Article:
Alessandro Catenacci owner of the Nobis Group enjoying being outdoors.


The driving force behind many of Stockholm’s top hotels, restaurants, and nightclubs isn’t Swedish at all. It’s Italian-born Alessandro Catenacci.

Back in 1987, the Stockholm-based restaurant empire belonging to Scandinavian culinary great Tore Wretman—including Café Opera, Operakällaren, the Riche, and Stallmästaregården—went on the market. The prospective buyer, a 29-year-old of Italian extraction named Alessandro Catenacci, proved to be very clever. After running a six-month ...

“We try to infuse personality into our hotels. We don’t look outside for inspiration. We go our own way.” What really matters, he says, “is the personality you can offer.”
A view of the outside of the Nobis Hotel in Stockholm, Sweden.
Original clockwork at the Nobis Hotel in Stockholm, Sweden.
Inside a bedroom at the Nobis Hotel in Stockholm, Sweden.Inside a bedroom at the Nobis Hotel in Stockholm, Sweden.
The lobby of the Hotel J with a modal boat.

... due diligence on the deal, he realized that Wretman’s company had assets beyond the asking price, including real estate and art.

Armed with this information, Catenacci borrowed money and bought the business. He then liquidated some of its assets—including a painting from the Operakällaren by Swedish art-star Bror Hjorth, which went for 11 million Swedish kronor, almost a third of the deal’s total value. When Catenacci also sold the restaurant Riche for 20 million kronor, the young entrepreneur was able to pay back his investment loan. He was basically free and clear—and a new empire was born.

Catenacci is obviously incredibly savvy, but he’s definitely not just a number cruncher. He is an intuitive manager, a local visionary, a devoted family man, and a really nice guy. He’s also one of those rare people who is confident enough to admit he’s made mistakes. “Oh, lots of them,” he laughs heartily. “I have a longstanding joke that I was lucky I owned my own business, because if I’d been an employee, I would definitely have been fired!”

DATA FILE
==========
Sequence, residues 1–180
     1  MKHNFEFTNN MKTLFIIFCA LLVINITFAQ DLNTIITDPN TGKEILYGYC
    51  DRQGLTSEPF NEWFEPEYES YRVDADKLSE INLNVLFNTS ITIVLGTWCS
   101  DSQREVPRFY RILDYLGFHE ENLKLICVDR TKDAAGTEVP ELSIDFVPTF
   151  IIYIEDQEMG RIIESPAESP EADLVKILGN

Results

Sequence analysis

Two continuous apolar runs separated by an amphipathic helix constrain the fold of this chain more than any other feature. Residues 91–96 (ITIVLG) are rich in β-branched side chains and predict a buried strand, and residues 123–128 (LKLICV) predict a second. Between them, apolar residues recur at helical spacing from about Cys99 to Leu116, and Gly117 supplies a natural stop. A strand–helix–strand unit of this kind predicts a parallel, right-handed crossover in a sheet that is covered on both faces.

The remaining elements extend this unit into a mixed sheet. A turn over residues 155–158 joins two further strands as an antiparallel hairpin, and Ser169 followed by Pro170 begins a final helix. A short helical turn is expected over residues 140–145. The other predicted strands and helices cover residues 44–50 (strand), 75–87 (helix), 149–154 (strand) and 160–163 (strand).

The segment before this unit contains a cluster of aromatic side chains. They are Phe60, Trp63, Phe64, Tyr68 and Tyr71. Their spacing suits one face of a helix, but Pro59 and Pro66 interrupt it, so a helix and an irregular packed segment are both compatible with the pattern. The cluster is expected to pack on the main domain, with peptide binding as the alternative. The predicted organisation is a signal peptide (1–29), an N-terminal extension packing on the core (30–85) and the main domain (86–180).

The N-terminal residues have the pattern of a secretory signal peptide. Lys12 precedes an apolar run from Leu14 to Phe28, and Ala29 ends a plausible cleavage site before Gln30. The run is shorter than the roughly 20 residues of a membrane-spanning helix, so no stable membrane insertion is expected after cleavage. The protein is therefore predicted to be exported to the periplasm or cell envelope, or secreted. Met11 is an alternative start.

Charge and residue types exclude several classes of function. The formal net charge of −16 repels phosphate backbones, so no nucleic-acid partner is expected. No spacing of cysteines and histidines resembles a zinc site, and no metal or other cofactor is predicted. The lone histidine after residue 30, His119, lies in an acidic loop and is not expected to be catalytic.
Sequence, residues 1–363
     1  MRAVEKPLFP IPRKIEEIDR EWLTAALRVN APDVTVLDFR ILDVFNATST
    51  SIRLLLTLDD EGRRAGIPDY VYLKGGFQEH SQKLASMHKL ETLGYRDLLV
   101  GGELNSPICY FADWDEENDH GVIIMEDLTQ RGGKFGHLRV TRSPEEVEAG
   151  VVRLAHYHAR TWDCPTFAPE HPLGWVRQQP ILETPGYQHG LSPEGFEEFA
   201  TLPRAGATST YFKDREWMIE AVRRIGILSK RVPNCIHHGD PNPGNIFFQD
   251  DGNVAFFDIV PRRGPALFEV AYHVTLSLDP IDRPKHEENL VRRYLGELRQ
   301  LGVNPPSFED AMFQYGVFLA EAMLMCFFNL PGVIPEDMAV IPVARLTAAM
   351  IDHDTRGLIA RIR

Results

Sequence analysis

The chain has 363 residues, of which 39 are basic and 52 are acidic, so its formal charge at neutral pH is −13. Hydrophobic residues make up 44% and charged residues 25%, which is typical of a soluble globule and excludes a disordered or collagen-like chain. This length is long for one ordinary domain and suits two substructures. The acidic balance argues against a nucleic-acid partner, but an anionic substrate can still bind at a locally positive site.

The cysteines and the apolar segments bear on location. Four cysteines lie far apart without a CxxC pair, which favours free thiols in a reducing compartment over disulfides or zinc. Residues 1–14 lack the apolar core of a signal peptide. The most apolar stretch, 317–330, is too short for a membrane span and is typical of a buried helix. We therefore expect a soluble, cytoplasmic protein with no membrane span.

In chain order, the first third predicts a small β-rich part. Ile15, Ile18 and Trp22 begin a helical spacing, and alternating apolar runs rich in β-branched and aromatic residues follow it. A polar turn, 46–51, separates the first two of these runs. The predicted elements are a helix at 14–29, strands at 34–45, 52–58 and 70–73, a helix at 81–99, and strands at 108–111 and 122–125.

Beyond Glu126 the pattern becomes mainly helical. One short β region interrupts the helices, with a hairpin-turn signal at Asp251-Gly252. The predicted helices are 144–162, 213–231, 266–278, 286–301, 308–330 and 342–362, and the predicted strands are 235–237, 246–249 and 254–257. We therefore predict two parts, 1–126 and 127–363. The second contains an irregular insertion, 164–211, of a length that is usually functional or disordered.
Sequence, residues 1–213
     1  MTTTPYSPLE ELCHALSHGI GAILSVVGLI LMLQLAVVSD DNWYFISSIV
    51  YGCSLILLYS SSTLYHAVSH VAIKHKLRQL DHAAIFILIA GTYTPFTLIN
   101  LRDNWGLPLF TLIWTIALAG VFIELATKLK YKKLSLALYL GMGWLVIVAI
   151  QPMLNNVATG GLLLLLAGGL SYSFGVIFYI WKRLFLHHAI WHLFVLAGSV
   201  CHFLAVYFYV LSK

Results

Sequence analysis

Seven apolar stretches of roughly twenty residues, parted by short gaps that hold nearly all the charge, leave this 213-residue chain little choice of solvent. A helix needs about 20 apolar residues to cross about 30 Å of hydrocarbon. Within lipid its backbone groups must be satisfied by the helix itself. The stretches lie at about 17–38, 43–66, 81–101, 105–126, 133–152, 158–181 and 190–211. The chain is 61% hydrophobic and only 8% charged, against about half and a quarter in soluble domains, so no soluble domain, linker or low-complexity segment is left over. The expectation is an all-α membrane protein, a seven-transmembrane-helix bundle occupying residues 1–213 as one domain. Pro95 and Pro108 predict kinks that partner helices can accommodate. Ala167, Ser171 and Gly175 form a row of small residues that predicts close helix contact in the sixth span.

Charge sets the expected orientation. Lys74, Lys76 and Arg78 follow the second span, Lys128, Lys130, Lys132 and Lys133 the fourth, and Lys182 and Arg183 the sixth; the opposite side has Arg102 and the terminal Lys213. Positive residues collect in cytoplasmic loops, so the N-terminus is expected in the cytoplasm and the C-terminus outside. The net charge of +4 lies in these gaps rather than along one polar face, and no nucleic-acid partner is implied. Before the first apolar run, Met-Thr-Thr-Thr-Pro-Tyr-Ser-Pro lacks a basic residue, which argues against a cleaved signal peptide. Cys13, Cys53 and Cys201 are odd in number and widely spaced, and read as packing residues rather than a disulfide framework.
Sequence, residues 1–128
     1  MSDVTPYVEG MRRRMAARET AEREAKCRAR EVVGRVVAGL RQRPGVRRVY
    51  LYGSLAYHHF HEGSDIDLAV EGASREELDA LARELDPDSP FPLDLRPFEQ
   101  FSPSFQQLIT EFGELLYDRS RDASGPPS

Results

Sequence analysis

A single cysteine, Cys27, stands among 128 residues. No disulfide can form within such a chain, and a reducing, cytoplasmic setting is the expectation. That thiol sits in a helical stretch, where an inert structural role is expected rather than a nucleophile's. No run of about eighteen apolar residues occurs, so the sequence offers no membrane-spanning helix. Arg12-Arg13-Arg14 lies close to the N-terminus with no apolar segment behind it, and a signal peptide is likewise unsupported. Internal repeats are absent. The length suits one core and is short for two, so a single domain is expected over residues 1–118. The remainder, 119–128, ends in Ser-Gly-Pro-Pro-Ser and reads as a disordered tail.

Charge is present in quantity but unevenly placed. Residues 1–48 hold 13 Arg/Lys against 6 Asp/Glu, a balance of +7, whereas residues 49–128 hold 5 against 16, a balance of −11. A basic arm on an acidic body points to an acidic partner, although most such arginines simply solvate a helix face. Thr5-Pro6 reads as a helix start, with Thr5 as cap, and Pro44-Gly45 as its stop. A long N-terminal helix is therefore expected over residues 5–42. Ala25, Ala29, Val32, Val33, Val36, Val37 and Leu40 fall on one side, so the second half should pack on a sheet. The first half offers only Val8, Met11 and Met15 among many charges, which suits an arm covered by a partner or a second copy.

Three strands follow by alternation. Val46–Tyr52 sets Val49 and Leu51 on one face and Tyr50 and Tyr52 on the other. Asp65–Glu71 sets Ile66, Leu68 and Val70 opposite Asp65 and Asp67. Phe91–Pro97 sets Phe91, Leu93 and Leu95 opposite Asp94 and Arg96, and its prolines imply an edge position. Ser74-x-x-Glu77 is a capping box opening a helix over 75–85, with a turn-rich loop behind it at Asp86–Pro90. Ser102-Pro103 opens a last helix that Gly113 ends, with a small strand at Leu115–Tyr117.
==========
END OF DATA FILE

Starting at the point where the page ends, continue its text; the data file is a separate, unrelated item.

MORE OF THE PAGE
Statements like this one are proof that Catenacci, who goes by Sandro, doesn’t take himself too seriously despite being a serious businessman. The company he bought from Wretman, Nobis Group, now includes top-tier hotels in addition to some of Stockholm’s best restaurants and nightspots. The trio of hotels—Hotel Skeppsholmen, Hotel J and the newest addition, Nobis Hotel, Stockholm’s grandest property on the beautiful, bustling Norrmalmstorg Square—carry the signature of the architectural firm Claesson Koivisto Rune, who have worked to infuse the feel of a private home into these properties. The numbers are impressive: Nobis Group’s revenues have doubled over the past six years, with the company now employing 1,700 people and serving some four million guests every year. “I sometimes look at myself in the mirror and think, ‘Am I really good at anything, or was it just luck?’”

Catenacci’s ease makes his success look as if luck were indeed a factor, but it is actually the result of a long-term vision, hard work, and an intuitive business sense. His company has grown consistently over the more than two decades that have passed since that smart deal was made. The conglomerate’s philosophy, in many ways, combines the best of Catenacci’s Italian heritage—a heady approach to fine food and a keen eye for quality—and the utmost in Scandinavian understatement.

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